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Rasa in Aesthetics

An Application of Rasa Theory to Modern Western Literature by: Priyadarshi Patnaik

Dr. Patnaik elucidates the fundamentals of the rasa theory and applies the canons of this theory to various modern Western literary works, Chinese love lyrics and the Japanese haiku poems. Its historical development and recognition are discussed.

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Year Of Publication: 2013
Edition: 3rd
Pages : xvi, 280
Bibliographic Details : Bibliography; Glossary; Index
Language : English
Binding : Hardcover
Publisher: D.K. Printworld Pvt. Ltd.
Size: 23 cm.
Weight: 500

Overview

The Indian tradition of criticism is over two millennia old. And its rasa theory has, from the beginning, essentially influenced authors, connoisseurs and art critics alike. First expounded sometime between the 1st century bc and the fourth century AD in the eminent aesthetician, Bharata’s Natya Shastra, rasa theory deals with the ‘emotive content’ of a work of art — how it is depicted, inferred and transmitted. Dr. Patnaik’s book is a unique effort that demonstrates, with diverse examples, the universality of this ancient theory and its applicability to modern Western classics. Elucidating afresh the concept of rasa and all its nine primary kinds largely on the basis of Natya Shastra of Bharata and the commentaries of the tenth-century aesthetician, Abhinavagupta, the book investigates the validity of rasa theory as an aesthetic, more specifically, a literary theory, and how its canons are applicable to modern Western literature as well as Chinese love lyrics and Japanese haiku poems. Dr. Patnaik’s transcultural exploration, thus, covers all major genres of literature — poetry, drama and fiction; and also major writers — Lawrence, Mayakovsky, Kafka, Camus, Conrad, Hemingway, Faulkner, Marquez, Eliot, Hesse, O’Neill, Ionesco, Beckett, Lorca, Neruda and several others. In emphasizing the universal validity of the rasa theory, the author considers certain modern problems relevant to text, meaning and readers’/audiences’ response as well. Very few are the examples of applied rasa theory even in Sanskrit and other Indian literatures, leave alone its application to Western creative writing. This book, with its bold framework and lucid style, should, therefore, fascinate the scholars of Indology, Indian aesthetics and, above all, comparative literary criticism.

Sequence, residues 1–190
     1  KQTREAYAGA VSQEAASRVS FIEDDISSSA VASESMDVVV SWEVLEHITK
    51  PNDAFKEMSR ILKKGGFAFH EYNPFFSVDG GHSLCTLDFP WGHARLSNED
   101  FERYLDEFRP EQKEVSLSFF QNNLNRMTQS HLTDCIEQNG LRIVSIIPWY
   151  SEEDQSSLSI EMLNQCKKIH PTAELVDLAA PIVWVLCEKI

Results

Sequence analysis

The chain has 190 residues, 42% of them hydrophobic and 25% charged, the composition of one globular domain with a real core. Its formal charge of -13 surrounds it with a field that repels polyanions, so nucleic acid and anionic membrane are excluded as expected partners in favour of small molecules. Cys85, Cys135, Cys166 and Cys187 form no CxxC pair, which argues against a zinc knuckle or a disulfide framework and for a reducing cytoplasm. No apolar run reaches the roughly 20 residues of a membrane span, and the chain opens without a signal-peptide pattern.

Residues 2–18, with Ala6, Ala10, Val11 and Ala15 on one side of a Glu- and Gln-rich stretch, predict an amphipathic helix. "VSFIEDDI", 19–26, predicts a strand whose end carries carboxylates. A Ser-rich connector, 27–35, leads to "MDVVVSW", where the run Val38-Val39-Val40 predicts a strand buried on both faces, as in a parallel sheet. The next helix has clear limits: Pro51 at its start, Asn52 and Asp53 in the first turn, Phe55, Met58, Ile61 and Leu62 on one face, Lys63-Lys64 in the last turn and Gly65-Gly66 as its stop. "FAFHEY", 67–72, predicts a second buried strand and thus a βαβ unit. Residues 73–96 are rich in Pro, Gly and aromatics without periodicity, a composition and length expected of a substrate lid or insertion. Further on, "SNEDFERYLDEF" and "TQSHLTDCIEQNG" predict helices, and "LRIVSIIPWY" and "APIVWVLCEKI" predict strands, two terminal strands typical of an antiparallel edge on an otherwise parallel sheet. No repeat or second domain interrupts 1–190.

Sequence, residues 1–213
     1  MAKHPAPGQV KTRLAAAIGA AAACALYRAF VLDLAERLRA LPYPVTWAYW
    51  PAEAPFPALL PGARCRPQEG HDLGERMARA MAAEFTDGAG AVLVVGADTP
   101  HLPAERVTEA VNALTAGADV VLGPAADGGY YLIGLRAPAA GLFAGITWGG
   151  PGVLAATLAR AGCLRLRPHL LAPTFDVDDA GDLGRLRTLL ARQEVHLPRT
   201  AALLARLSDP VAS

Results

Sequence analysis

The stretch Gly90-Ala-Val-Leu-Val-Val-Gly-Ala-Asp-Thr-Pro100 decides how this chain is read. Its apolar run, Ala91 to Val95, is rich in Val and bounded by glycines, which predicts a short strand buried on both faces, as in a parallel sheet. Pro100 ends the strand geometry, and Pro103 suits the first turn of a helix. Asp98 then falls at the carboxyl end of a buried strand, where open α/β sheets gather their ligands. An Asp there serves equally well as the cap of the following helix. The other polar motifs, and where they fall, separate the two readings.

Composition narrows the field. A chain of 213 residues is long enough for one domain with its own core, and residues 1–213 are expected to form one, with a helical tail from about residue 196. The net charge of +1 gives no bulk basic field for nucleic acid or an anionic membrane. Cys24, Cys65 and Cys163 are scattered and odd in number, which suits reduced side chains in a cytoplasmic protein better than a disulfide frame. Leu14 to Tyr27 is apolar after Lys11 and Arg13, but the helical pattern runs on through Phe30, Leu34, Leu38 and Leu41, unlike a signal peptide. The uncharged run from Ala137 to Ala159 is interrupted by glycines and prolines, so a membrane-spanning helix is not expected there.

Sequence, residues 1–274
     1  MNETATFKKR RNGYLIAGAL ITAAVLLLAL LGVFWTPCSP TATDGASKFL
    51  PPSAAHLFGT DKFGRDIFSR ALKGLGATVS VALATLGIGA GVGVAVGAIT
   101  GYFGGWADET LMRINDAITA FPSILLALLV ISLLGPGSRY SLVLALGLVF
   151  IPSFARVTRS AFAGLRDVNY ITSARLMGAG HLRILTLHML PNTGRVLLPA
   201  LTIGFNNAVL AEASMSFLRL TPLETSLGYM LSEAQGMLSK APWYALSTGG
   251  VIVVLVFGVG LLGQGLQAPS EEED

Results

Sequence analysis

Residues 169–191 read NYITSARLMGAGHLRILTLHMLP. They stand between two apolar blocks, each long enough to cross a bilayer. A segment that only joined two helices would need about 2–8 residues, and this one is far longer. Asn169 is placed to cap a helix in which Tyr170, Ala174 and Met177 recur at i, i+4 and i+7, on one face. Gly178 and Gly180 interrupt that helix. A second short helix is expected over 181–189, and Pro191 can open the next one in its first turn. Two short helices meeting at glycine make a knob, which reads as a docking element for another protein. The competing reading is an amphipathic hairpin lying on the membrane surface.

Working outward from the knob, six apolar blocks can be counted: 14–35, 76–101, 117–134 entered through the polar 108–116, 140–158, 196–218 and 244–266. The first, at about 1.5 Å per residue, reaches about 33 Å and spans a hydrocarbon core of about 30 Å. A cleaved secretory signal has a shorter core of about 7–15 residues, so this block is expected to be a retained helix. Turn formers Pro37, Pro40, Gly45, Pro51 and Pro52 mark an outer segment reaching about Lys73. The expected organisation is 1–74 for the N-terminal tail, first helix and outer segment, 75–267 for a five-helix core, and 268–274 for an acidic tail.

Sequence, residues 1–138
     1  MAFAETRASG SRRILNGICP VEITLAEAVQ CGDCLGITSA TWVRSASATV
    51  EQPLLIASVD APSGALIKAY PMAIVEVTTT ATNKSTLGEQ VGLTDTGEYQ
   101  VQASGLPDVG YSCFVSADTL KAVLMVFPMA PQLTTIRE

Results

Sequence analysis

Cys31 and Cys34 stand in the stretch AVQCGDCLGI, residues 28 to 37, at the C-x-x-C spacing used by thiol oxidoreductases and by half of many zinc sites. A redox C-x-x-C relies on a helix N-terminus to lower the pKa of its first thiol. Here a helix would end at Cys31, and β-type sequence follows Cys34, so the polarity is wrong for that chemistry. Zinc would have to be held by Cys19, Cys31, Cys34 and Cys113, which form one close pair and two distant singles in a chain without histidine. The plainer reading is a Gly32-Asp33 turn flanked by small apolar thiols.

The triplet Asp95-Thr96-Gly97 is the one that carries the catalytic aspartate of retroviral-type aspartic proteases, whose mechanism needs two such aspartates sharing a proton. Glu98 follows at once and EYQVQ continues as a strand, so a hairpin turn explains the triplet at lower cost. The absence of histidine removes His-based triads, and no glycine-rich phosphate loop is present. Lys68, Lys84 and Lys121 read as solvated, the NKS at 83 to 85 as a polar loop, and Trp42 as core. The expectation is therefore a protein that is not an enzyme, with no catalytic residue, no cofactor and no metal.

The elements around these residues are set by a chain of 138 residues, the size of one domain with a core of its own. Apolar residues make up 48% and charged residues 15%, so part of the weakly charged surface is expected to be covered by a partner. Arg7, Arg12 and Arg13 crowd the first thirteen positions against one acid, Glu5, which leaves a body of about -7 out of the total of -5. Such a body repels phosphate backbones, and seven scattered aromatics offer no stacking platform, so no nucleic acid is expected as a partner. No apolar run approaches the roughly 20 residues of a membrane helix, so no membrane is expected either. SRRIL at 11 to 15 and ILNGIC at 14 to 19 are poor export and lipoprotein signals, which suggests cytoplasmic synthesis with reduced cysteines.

Contents

Foreword
Preface
Introduction

Is the Rasa Theory Relevant?
Rasa Theory Among Other Indian Theories
What is Rasa Theory About?
Causes for its Decline

1. Rasa

The Word ‘Rasa’: A Short Introduction
Rasa: A Chequered Career
Rasa in the Upanishads
Rasa in Natya Shastra
What is Rasa Made of?
Sthayibhavas — Vyabhicaribhavas — Anubhavas — Vibhavas
Rasa and Bhava: Which One Came First?
The World of Stimulus and Response
Then What is the Nature of Rasa
The Sympathetic Perceiver

2. The Rasas and their Relationship

The Eight Rasas
Shanta Rasa

3. Shringara Rasa

Love-in-Union
The Permanent Emotion in Shringara — The Causes of Shringara — The Effects and Consequences of Shringara — Violence, Terror and Love — Inanimate Objects and Love — Union in Love
Deviant Relations, Incomplete Relations and Other Problems
Love-in-Separation